Why do the men in Civil War portraits look so calm? The soldiers, who fought some of the bloodiest battles in American history, couldn't have been at ease marching against cannon fire, even if they believed in their side's cause. It's more likely that the men and their anxious families convey a particular attitude because of the novelty and careful ceremony of photography in its early days. The soldiers weren't quite sure how to behave in front of a camera, and these evocative portraits show their subjects with more candor than most modern, staged photographs could hope to achieve.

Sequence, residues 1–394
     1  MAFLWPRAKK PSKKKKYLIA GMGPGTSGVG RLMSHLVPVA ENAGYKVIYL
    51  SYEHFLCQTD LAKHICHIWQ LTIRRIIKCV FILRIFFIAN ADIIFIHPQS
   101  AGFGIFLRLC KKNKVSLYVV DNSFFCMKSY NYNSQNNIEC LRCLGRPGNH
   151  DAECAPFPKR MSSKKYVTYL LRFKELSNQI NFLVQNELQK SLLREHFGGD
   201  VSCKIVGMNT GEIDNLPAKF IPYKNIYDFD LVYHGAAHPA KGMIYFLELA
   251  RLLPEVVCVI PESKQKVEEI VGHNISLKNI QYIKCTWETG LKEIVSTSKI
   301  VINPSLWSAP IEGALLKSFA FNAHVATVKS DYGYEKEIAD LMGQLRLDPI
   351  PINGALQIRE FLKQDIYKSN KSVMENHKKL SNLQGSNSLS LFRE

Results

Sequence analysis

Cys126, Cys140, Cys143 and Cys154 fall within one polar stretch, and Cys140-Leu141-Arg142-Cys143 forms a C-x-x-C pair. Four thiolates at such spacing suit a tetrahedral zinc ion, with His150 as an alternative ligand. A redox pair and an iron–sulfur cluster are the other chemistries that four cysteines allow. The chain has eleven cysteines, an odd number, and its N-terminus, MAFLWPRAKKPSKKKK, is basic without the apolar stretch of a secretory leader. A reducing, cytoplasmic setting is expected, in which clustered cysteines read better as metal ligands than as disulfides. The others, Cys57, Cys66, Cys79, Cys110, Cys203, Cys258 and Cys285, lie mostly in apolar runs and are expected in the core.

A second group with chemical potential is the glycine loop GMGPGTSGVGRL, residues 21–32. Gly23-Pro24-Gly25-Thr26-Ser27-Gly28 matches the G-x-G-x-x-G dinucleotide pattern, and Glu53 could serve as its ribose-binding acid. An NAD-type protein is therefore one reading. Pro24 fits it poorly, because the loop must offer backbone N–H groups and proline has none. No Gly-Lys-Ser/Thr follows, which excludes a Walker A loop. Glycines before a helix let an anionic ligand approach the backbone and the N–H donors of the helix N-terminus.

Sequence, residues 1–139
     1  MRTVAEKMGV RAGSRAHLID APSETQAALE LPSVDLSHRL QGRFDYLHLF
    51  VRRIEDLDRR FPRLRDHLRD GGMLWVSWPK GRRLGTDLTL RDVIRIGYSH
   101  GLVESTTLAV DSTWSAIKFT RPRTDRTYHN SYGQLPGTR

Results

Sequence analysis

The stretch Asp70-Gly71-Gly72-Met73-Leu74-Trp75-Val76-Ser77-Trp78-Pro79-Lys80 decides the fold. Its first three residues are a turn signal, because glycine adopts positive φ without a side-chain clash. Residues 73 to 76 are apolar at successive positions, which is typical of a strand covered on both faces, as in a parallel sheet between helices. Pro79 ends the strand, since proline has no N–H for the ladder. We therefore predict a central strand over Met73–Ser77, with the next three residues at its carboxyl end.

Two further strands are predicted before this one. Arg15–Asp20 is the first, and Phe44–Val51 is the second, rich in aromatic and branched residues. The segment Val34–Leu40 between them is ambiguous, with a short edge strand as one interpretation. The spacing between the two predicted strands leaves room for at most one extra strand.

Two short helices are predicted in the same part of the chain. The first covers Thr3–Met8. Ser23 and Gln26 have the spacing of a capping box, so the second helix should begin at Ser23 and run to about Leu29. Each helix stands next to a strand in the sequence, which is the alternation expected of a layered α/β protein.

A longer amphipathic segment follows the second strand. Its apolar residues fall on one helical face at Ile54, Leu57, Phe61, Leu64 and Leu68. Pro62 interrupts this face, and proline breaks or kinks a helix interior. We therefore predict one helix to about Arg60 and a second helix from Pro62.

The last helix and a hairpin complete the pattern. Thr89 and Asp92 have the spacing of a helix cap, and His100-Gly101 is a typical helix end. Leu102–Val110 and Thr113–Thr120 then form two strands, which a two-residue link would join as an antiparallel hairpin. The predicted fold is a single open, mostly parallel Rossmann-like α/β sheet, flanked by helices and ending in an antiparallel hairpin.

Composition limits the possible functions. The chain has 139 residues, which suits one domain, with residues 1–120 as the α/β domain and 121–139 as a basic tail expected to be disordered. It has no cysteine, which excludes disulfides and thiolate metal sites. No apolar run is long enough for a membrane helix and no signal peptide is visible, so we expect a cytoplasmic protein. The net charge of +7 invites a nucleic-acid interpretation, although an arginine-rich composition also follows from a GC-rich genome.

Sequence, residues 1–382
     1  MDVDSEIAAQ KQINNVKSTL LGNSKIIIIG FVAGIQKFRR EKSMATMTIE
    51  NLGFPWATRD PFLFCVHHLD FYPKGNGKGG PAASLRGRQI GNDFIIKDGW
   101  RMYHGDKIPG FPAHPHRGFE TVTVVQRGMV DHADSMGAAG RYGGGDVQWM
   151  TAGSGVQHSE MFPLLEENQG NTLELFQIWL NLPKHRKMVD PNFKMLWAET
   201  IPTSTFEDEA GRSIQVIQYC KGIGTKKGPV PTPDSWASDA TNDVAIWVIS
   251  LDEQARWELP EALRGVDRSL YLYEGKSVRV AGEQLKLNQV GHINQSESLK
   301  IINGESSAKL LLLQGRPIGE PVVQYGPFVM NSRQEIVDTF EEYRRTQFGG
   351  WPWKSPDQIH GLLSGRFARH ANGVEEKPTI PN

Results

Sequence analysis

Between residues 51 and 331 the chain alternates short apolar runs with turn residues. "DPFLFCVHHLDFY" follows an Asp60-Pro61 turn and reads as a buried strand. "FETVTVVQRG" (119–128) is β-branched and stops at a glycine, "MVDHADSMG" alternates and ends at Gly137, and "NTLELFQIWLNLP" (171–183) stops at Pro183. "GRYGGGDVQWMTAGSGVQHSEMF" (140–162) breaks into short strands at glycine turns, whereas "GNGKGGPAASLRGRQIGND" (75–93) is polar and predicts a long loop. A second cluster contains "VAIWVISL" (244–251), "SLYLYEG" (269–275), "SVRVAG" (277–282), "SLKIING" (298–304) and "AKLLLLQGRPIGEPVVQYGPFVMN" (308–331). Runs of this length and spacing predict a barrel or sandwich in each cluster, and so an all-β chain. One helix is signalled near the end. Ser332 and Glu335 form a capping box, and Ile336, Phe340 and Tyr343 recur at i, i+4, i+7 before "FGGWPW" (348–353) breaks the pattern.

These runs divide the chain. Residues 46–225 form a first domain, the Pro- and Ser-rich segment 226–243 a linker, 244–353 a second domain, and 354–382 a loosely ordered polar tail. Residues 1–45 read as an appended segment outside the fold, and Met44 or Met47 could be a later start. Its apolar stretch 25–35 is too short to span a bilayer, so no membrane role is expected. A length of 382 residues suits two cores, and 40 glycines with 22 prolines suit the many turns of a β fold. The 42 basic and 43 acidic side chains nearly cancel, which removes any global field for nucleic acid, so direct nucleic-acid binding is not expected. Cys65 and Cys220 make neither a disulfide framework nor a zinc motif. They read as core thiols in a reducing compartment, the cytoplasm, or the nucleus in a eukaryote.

Many of these photographs are displayed as part of The Last Full Measure, an exhibition at the Library of Congress which opens on April 12 to commemorate the 150th anniversary of the beginning of the war. Like birth of photography, the outbreak of the war represented only the halting first steps of a campaign that would change the world.
The Last Full Measure: Civil War Photographs from the Liljenquist Family Collection at The Library of Congress, April 12, 2011 - August 13, 2011